As the pandemic lengthens, many homeowners realize they need to upgrade their homes
A cursory online search on the term “smart living” will lead you to various definitions. But a unifying theme emerges—smart living is not only about having the latest technology at home. In short, you can experience smart living even with the barest of high-tech gadgets or appliances.
One definition that somewhat encapsulates smart living is this portion from a report by the European Commission. The report defines smart living as a “trend encompassing advancements that give people the opportunity to benefit from new ways of living. It involves original and innovative solutions aimed at making life more efficient, more controllable, economical, productive, integrated, and sustainable.”
The urgency of smart living is more pronounced as the world gets in and out of different kinds of lockdowns. We realize now that we are in this situation for the long haul and some health pundits have said that it would take another year or two before we can safely say we’re out of the woods. This is also the reason, even in a battered economy, the property market continues to experience robust sales, ditto with the positive balance sheets of home accessories shops, hardware stores, and DIY chains.
“It doesn’t take an expert to say that the prolonged pandemic has changed the way we live, work, or study. We all, in one way or another, have experienced it. We have realized the importance of our homes as we stay indoors most of the time,” says Florence Ang, an interior design consultant currently based in Singapore. “That’s why we want our homes to be convenient for each member of the family.”
As for smart living, Ang explains it is not just about the presence of smart furniture, smart gadgets, or smart appliances. Smart living, for her, is about “quality of life, not just about the quality of the internet connection or the brands of smart appliances that you have.”
She explains, “It is about living well amid these uncertain times. Your home has to be ‘efficient’ to continuously and efficiently play a variety of roles—workplace, school, church, play area for kids, etc. Then you support all these with the available technology such as having smart cameras or smart lights to help you save on bills and time and, generally, to make life easier.”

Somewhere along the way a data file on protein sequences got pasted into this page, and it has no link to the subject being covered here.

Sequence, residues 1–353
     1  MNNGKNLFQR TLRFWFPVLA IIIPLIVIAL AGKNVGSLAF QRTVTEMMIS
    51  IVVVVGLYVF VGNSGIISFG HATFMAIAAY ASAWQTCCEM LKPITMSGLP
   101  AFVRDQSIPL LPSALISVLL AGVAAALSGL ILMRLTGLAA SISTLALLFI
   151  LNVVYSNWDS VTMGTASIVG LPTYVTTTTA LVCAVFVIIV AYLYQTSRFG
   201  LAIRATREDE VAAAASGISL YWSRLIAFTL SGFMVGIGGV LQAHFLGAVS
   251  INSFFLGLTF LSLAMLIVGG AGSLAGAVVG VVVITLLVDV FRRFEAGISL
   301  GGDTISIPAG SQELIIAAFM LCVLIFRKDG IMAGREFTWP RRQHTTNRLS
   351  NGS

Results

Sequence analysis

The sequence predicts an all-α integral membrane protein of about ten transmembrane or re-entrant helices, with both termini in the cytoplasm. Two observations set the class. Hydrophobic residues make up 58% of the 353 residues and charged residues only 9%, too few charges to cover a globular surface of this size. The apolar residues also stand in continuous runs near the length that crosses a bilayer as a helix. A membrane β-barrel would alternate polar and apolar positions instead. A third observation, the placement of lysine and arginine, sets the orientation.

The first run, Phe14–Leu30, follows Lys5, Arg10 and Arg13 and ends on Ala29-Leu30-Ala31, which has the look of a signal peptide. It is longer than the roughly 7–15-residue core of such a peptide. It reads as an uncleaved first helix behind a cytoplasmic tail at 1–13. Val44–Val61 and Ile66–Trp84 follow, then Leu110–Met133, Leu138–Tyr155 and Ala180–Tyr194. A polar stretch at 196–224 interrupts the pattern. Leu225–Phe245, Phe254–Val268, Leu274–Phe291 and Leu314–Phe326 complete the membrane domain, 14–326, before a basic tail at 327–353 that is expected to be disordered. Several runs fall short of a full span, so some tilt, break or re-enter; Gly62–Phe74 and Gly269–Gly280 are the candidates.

‘Your home has to be efficient to continuously and efficiently play a variety of roles—workplace, school, church, play area for kids, etc. Then you support all these with the available technology such as having smart cameras or smart lights to help you save on bills and time and, generally, to make life easier.’
This observation is supported by Martin Kienzle, an electronics industry leader at IBM Research. In an article he wrote entitled, “Smart living, not smart devices,” it is clear, as he stressed, that smart living is not about what is possible, but about what is useful and valuable. “Most of us are not looking for new devices, but for ways to simplify our lives or, at the least, engage us. A device is significant only if it actually demonstrates value to us: entertains, educates, engages, is more convenient, or makes us safer,” he wrote.
Considering the various opinions, the heart of smart living is “you”—how it makes your life more convenient as you are confined in the four corners of your house and how it makes your family life more “coordinated” as you all go about doing different tasks at the same time. It goes above technology (though it is an essential part) and has a holistic long-ranging view (it is a never-ending journey as what is “smart” today may be useless tomorrow).
“True smart living solutions are very personal. We all have our own views of what we’d like to watch and when we’d like to watch it, what peace of mind means for us, and which of our chores we’d like most to be taken care of,” says Kienzle. “Smart living solutions have to adapt to our situations, habits, and rituals, not just once, but continually—life changes.”